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I’m in the midst of 48 hours this week at my paid department. I worked 12-hour day shifts Tuesday and today and will work two more shifts later this week.

On Wednesday, my volunteer department went to a house fire in town… I didn’t hear the pager and was alerted by the siren of our first-due truck going by on the other side of the valley. The four guys on the truck did a textbook-perfect stop; broke the the utility room windows from the outside, immediately hit the room from inside with a hose line, and used hydraulic ventilation to pull the extension out of the walls. Good stuff.

When I arrived, I was sent in with the thermal imager and some hand tools to check the upstairs for extension. Although I hadn’t yet seen the room where the fire originated, I could tell where it had been in relation to upper floors by the obvious elevated temperature on the walls of a partition between the upstairs bathroom and a bedroom on the second floor and a similar setup on the third floor; the fire had been below and had extended up through the partition. I poked a hole in the wall of the bedroom on the second floor to peer inside… I could briefly see embers before my SCBA face-piece fogged over, indicating significant heat coming out of the hole. At this point the low-air alarm on the firefighter with me started to go off. A team from another department was just coming through the door with a hose line so we pointed out the hole and left them to pull down the rest of the wall and douse the embers.

I stopped to talk to one of the homeowners, the husband, who was out in the yard watching. He pointed proudly to a large ship model on the ground. He explained that he had spent 14 months putting it together, had completed it Sunday, and was not going to let it burn.

I noticed that he had some melted plastic and burns on his arms. He said that some plastic bottles had exploded on him, but that they were nothing. I told him that I was sorry for his loss and went back over to the staging area. There were two EMTs in staging so I pointed out the homeowner and his arms. They went over and spoke with him, took him to the ambulance, and cleaned and bandaged him.

I changed my air bottle and had some water. A bit later, I was given a crew and sent back in to look for extension in a particular void under the stairs in the downstairs, directly adjacent to the seat of the fire. We had to move a lot of things to get at our objective; we were very careful and sent some photos directly outside. We eventually got into the void and found that it was empty of fire. Upon further orders by radio, we went upstairs with the thermal imager and a CO meter for another check. There were still high levels of CO but temperatures were coming down.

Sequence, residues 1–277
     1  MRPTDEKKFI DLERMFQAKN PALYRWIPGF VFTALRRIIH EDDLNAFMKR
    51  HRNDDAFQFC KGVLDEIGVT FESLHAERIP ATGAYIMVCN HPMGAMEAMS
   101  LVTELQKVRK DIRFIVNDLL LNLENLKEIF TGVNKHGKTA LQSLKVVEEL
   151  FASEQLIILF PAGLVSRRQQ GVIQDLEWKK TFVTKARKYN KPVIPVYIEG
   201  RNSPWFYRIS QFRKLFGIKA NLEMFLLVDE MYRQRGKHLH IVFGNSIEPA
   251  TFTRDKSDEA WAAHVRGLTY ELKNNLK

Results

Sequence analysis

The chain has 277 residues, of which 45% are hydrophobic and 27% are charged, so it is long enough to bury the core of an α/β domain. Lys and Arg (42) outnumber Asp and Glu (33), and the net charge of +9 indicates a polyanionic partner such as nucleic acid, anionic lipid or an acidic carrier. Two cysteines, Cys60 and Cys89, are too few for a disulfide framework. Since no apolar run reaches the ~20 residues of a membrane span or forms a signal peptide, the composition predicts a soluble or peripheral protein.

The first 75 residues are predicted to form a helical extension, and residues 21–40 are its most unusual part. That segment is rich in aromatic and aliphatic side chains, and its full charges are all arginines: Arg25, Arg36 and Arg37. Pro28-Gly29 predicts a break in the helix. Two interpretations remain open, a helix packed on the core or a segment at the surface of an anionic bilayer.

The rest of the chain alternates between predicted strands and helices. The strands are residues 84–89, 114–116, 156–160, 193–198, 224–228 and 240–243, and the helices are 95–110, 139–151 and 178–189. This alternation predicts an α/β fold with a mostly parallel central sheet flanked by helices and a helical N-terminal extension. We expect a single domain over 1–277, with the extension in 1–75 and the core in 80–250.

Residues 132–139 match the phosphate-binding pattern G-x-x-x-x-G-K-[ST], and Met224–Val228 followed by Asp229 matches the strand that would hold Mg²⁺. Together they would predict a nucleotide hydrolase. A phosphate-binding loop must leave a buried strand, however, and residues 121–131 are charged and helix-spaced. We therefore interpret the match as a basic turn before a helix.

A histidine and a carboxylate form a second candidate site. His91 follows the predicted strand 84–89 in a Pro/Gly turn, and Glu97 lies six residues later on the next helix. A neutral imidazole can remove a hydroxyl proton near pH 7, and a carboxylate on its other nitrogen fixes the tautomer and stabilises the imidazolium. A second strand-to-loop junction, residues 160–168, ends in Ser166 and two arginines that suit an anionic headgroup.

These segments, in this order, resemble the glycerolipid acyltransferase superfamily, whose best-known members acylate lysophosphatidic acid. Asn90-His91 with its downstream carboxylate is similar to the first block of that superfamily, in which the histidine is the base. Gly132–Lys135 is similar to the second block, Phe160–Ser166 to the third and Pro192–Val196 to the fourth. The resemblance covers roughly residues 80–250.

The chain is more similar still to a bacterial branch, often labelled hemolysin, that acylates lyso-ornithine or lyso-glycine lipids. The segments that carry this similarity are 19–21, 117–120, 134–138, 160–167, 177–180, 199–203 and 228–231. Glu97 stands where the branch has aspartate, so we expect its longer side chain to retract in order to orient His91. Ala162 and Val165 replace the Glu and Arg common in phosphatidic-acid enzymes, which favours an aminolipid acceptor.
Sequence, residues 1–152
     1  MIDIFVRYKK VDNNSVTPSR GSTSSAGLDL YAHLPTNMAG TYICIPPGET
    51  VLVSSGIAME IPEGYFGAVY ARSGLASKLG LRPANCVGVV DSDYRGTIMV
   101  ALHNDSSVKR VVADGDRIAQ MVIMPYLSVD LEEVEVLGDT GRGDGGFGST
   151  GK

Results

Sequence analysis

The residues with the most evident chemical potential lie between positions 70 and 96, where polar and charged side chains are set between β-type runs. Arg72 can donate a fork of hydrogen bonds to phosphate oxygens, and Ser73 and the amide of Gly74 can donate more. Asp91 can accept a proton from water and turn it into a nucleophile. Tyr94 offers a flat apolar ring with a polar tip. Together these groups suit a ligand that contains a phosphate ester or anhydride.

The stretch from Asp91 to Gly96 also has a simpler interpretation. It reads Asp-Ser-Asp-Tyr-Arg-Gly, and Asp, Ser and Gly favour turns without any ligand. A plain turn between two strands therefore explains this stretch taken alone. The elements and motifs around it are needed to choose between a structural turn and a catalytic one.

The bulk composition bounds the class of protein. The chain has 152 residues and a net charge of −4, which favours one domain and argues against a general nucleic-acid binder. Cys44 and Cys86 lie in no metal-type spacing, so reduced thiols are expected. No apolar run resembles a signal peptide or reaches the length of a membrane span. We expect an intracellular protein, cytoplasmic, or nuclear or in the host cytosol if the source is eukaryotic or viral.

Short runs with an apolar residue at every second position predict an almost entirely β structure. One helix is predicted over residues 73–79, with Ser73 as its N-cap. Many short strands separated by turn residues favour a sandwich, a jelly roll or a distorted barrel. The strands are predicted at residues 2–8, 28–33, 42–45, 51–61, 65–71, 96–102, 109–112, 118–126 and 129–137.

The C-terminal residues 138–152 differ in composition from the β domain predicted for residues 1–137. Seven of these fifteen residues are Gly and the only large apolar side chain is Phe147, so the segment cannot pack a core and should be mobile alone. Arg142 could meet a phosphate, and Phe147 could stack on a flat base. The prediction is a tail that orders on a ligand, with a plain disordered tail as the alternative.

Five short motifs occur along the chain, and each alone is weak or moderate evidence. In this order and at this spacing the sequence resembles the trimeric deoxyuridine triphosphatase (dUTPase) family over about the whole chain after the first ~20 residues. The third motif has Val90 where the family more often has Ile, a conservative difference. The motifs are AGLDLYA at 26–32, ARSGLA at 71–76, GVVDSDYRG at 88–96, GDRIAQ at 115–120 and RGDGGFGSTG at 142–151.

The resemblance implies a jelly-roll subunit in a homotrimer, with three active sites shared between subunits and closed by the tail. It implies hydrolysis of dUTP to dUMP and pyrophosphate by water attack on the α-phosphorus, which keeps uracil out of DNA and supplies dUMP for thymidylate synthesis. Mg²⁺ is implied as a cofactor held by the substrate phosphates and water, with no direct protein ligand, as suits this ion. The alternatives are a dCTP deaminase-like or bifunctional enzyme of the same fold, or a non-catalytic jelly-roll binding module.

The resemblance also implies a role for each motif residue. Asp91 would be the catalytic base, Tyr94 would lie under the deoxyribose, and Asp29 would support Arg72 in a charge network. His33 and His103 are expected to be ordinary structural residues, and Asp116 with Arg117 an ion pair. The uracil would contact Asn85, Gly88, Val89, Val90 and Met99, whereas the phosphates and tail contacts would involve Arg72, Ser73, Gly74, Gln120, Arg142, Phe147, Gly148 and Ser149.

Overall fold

My crew left the house and went back to staging. I reported our findings to my Deputy Chief… This is when the photo was taken. That’s me in the middle, still wearing my face-piece (though with the regulator removed).

There’s a tradition, perhaps confined to the region, that a firefighter who appears in a newspaper and is named will buy his or her shift lunch. Both of my departments are claiming this honor; my volunteer department for obvious reasons… But also my paid department.

I have my own helmet that I shuttle back and forth between my two departments. Sometimes, for one reason or another, I don’t exchange the front shield that identifies the rank and department… It takes a few minutes and a screwdriver to replace the shield. I was working at the paid department Tuesday and Thursday so did not switch the shield. Thus, in the photograph, I am identifiable as a member of my paid department. They say I owe them lunch, as well.

Rabid has offered to make tofu for everyone. I’m not sure if that would work.

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